If you were to ask Shawn Kuykendall to tell you about the greatest play of his professional soccer career, he’d take you back to July 2005. He was standing in the middle of FedEx Field next to Frank Lampard, one of the game’s legends. Shawn was shirtless.
An MLS rookie two weeks removed from his first game with D.C. United, Shawn had been following Lampard around for the better part of 90 seconds during the closing moments of an exhibition against Chelsea FC. The final whistle sounded, and Shawn ripped off his shirt motioning to Lampard to do the same.
If you stop by Shawn’s parents’ house, you’ll see Lampard’s No. 8 jersey next to their son’s No. 28. If you ever asked Shawn about how he got Lampard to trade, he would smile ear-to-ear and with a signature wink say:
“Greatest play of my career. So bazilly.”
If you were to ask about the greatest play of Shawn Kuykendall’s life, it was the day he learned that he was going to die.
That day also happened in July, eight years after standing next to Lampard shirtless. He didn’t say “bazilly” – a term he coined to express his pure elation.
“Mike, it’s bad. I have cancer. There’s no cure.”
A quick Google search for information on Stage IV Thymic Carcinoma victims would lead you to find that there is a 24% five-year survival rate. Shawn knew the numbers before he called.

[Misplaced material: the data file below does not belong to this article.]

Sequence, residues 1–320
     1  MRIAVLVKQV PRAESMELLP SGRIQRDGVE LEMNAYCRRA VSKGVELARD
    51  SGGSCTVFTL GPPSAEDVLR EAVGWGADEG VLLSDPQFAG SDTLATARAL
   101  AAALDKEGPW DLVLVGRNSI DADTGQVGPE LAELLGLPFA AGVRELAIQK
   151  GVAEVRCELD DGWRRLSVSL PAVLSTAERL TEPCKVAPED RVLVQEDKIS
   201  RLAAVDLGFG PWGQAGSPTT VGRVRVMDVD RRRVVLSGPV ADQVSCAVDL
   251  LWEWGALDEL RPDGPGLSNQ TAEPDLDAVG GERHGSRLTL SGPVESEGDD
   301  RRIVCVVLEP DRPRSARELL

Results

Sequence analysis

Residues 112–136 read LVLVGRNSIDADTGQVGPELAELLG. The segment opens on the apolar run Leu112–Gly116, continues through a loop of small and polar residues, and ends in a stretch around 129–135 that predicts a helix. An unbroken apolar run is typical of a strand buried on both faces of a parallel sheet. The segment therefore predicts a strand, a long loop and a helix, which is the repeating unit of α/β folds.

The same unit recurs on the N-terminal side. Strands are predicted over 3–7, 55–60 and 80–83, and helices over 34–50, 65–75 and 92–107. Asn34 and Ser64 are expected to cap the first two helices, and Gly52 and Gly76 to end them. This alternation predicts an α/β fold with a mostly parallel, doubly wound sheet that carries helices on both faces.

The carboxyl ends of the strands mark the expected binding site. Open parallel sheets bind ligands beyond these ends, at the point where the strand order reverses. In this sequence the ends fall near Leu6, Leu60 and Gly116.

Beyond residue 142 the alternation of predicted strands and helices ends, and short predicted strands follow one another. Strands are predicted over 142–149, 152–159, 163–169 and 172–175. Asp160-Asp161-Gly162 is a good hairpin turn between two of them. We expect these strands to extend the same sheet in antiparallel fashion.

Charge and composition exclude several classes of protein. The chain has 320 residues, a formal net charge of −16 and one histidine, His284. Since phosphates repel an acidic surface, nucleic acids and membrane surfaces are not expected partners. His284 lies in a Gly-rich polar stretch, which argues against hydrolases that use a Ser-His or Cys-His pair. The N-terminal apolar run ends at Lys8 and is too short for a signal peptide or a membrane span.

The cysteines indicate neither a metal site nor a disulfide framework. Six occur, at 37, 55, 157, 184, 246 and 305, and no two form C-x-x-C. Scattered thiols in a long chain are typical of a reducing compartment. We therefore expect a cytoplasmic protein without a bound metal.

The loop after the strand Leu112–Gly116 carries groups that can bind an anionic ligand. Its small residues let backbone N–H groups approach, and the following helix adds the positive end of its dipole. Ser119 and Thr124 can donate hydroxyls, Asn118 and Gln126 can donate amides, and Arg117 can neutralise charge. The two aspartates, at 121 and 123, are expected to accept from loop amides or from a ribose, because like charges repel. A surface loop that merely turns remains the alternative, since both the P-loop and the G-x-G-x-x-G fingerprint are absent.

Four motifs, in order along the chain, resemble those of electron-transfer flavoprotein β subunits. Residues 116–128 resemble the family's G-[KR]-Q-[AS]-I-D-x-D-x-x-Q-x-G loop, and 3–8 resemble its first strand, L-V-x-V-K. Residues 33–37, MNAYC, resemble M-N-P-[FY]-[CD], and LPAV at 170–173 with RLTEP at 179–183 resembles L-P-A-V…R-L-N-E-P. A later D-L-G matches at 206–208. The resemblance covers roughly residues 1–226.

“You know, it’s fine. I have cancer. God has a plan. I’m going to fight.”
On that same day in July, while sitting in a hospital bed surrounded by friends and loved ones, Shawn took a selfie.
Mozart had his music and Van Gogh had his paintings. Shawn had the selfie. He elevated the self-portrait to a level never before seen. If you dispute that, then you clearly missed his work titled “Musings in a Count Von Count Costume on Route 66.”
Shawn was given a death sentence. So he took a selfie.
Of course, he did much more than that. He started the website Kuykenstrong.com as a way of keeping people informed about his fight. It was also a platform where Shawn could share his faith with anyone who wanted to listen.